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День рождения:
10 апр 1992 (Возраст: 30)


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    День рождения:
    10 апр 1992 (Возраст: 30)
    That foods might provide therapeutic benefits is clearly not a new

    concept. The tenet, “Let food be thy medicine and medicine be thy food”

    was embraced 2500 years ago by Hippocrates, the father of medicine.

    However, this “food as medicine” philosophy fell into relative obscurity

    in the 19th century with the advent of modern drug therapy. In the 1900s,

    the important role of diet in disease prevention and health promotion came

    to the forefront once again.

    During the first 50 years of the 20th century, scientific focus was on the

    identification of essential elements, particularly


    , and their role in the prevention of various dietary deficiency

    diseases. This emphasis on nutrient deficiencies or “undernutrition”

    shifted dramatically, however, during the 1970s when diseases linked to

    excess and “overnutrition” became a major public health concern. Thus

    began a flurry of public health guidelines, including the Senate Select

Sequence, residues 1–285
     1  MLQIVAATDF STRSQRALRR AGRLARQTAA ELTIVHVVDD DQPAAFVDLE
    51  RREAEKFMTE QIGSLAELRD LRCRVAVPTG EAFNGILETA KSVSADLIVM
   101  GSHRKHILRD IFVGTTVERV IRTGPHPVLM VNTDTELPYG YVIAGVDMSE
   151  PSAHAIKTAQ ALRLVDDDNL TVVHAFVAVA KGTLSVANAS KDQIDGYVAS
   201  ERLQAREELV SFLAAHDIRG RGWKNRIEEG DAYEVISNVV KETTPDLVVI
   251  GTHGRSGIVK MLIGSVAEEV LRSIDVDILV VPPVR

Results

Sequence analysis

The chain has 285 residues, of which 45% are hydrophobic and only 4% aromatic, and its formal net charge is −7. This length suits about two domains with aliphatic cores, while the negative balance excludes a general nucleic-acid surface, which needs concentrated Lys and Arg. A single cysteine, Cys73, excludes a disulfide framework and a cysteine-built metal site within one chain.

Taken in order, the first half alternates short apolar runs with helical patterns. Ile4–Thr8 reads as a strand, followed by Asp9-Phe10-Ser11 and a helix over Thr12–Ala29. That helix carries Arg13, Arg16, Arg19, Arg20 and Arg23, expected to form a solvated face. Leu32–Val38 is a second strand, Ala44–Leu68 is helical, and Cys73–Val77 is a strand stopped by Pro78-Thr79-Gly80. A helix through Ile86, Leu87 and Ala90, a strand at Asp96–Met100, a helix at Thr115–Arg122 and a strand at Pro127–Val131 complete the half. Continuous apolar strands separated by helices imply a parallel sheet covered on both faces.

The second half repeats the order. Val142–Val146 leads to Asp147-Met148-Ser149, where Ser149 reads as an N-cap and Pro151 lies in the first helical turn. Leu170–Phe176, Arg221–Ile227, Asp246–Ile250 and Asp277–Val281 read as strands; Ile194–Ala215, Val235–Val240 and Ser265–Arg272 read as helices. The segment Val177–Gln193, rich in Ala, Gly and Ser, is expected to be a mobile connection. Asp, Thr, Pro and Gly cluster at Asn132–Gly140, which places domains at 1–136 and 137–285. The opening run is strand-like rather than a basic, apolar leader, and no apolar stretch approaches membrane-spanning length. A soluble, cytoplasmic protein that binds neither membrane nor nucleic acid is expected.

(McGovern) Committee's Dietary Goals for the United States (1977), the

    Dietary Guidelines for Americans (1980, 1985, 1990, 1996, 2000— a joint

    publication of the USDA and the Department of Health and Human Services),

    the Surgeon General's Report on Nutrition and Health (1988), the

    National Research Council's Diet and Health (1989) and Healthy People

    2000 and 2010 from the U.S. Public Health Service. All of these reports are

    aimed at public policy and education emphasizing the importance of

    consuming a diet that is low in saturated fat, and high in vegetables,

    fruits, whole grains and legumes to reduce the risk of chronic diseases

    such as heart disease, cancer, osteoporosis, diabetes and stroke.